Skiers, boarders weigh in on early snowfall, El Nino
Grand County, CO Colorado
Ask meteorologists and weather forecasters how they come up with snowfall predictions, and they’ll give you some complex scientific formula. Ask skiers and snowboarders, and you’ll get a lot of positive thinking.
It’s an El Nino year, meaning the central and eastern tropical Pacific waters are warming. Scientists can’t really tell you what that even means – reports show El Nino could equal a variety of positive or negative consequences in terms of local snowfall.
Local skiers and snowboarders don’t seem to worry much about early-season conditions, though, which currently include packed, man-made snow on one run at Vail and man-made snow on one run and a terrain park at Beaver Creek, which opens today.
There have been early-season snow conditions all across the board. As recently as 2002, Vail opened more than 2,300 acres a week before its scheduled opening day because snow was abundant.
Just a year before that, in 2001, the World Cup Birds of Prey races at Beaver Creek were canceled because there wasn’t enough snow. EJ Johnson, of Edwards, said he bases his predictions on the fact that the past tends to repeat itself. He skied Vail on Tuesday and isn’t worried that only one run is open.
“We’re on schedule,” Johnson said. “This is standard – everybody just needs to keep the faith.”
That positive attitude is what seems to get skiers and riders through the early season – that is, when it’s a dry early season. Nicole Timmerman, of Avon, has lived in the valley for 13 years and agreed that the dry early-season conditions are typical. She said last year’s early season was probably worse than it is now, and the snow eventually fell.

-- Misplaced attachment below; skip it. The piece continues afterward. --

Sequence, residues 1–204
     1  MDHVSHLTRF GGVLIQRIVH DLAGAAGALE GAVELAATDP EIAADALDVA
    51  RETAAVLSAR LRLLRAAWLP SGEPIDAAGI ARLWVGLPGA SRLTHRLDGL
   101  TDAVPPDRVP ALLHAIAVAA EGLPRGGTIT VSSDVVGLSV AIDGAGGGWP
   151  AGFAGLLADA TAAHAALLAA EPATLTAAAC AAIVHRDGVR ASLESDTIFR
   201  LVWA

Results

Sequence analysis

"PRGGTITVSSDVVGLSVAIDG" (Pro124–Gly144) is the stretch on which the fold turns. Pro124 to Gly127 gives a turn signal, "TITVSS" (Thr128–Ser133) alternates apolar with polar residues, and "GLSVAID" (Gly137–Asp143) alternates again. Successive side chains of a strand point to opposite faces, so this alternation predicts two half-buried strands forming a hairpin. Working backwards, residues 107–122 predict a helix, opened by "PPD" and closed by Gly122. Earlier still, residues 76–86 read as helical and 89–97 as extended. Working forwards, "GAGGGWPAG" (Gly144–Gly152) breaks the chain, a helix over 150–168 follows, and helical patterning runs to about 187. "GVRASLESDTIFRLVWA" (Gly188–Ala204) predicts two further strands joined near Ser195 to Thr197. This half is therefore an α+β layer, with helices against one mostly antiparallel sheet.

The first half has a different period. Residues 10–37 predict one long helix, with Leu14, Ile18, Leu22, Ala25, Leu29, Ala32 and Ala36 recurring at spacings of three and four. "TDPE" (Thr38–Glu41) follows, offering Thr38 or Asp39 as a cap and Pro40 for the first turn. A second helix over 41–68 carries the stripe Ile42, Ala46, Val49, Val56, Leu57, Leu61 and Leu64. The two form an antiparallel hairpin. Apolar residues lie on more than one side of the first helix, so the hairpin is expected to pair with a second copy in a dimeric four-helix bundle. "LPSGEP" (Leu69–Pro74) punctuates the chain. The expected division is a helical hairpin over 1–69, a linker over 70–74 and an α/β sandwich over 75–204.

“It’s going to start [snowing],” Timmerman said.
The Farmers’ Almanac, a popular resource for weather predictions, shows a very cold and snowy outlook for the Rocky Mountains. While some look to the Almanac and other forecasts religiously, some don’t give them much consideration.
Mike Waganfeald, of Gypsum, doesn’t follow the weather predictions “at all,” he said. He, too, pointed out that last year began the same way and things didn’t turn out so badly.
“Hopefully, we’ll have a good season,” Waganfeald said.
Ryan Galbraith, of Denver, said he’s thinking El Nino will bring above-average snowfall to the Colorado mountains. His friend Chris Lennon, also of Denver, is taking the middle road when it comes to the predictions he has seen, which have indicated both high and low snow accumulations.
“I think it will be average [because predictions are all across the board],” Galbraith said. “But, of course, I hope it will be record-setting.”
If out-of-towners’ crystal balls are any clearer, then things are looking good. Doug Friedrichsen, of Overland Park, Kan., said he’s expecting a lot of snow this year. He’s in town this week and plans to come back to Vail for more skiing this season.
“I think we’re going to get pounded,” Friedrichsen said. “We had the early-season blast, now a little reprieve, so in December, it’s coming.”
Tim Duke, of Augusta, Ga., is in town this week and already has lodging reservations in Vail for Christmas week. He’s thinking of coming back in March, too – the early season lack of snow isn’t worrying him a bit.
“I think it’s going to be great snow,” Duke said. “I think it’ll be really, really good.”
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When the East Troublesome Fire raged across Grand County last October, thousands of people were evacuated from the US Highway 34 corridor in 90 minutes, thanks in part to the preparation of evacuation maps.